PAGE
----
We pause to acknowledge the passing of Leonard Nimoy, who played one fictional character I adored, Star Trek’s Mr. Spock. I was and still am a “Trekkie”. I even took on a Vulcan name, “T’Sai”. On one date, my old beau (another fire-breathing Spock fan) took me to a Star Trek Convention.
Among the episodes that became a marker for that season in my life was “Amok Time”. At its first airing, I was 13, my last poetic year. I was suffering, as early teens do, at the same time Mr. Spock was suffering in pon-farr (sort of like a rutting season for Vulcans) for his pre-arranged bride, T’Pring.
In the half-human/half-alien character Nimoy developed on the small screen, suffering ran like a silent, powerful, potentially violent underground current. Having an introverted personality, I knew every bend in that river. The main idea I took away from the collected “Spock-centric” episodes is that we all carry some kind of secret suffering. Managing our personal internal suffering becomes an engrossing task throughout life. The never-ending struggle is to contain the pressure that always threatens to crash through the dam of civility and become a lawless display. At certain times it was more difficult than others. Happy to say, I have learned to deal with it well enough over the years.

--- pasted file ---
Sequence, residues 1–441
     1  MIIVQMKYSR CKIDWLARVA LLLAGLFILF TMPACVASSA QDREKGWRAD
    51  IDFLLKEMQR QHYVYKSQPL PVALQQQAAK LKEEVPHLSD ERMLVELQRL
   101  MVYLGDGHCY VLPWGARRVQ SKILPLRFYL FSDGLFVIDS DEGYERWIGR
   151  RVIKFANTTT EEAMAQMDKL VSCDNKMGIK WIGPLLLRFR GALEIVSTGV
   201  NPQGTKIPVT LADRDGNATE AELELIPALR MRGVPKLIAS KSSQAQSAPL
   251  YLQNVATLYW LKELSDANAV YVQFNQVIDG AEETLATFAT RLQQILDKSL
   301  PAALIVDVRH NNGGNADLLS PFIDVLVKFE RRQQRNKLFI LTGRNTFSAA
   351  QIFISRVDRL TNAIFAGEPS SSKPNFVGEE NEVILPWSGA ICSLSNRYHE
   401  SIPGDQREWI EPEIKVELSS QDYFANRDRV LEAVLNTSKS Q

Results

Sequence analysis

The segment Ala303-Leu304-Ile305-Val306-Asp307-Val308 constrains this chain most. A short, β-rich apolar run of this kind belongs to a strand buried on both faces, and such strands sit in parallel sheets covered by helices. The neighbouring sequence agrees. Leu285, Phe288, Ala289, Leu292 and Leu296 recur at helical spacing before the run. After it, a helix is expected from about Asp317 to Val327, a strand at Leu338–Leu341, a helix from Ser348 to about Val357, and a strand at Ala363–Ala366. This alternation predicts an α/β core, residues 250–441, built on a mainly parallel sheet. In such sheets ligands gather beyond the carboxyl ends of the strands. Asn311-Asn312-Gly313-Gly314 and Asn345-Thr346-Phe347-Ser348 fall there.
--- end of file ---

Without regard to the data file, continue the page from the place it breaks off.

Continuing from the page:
Today, Leonard Nimoy is laid to rest and as I did the day John Lennon died, I say farewell to another icon of my season of innocence. Farewell, Mr. Spock. Cross over to the “Undiscovered Country” in peace.
Live long and prosper and Shalom-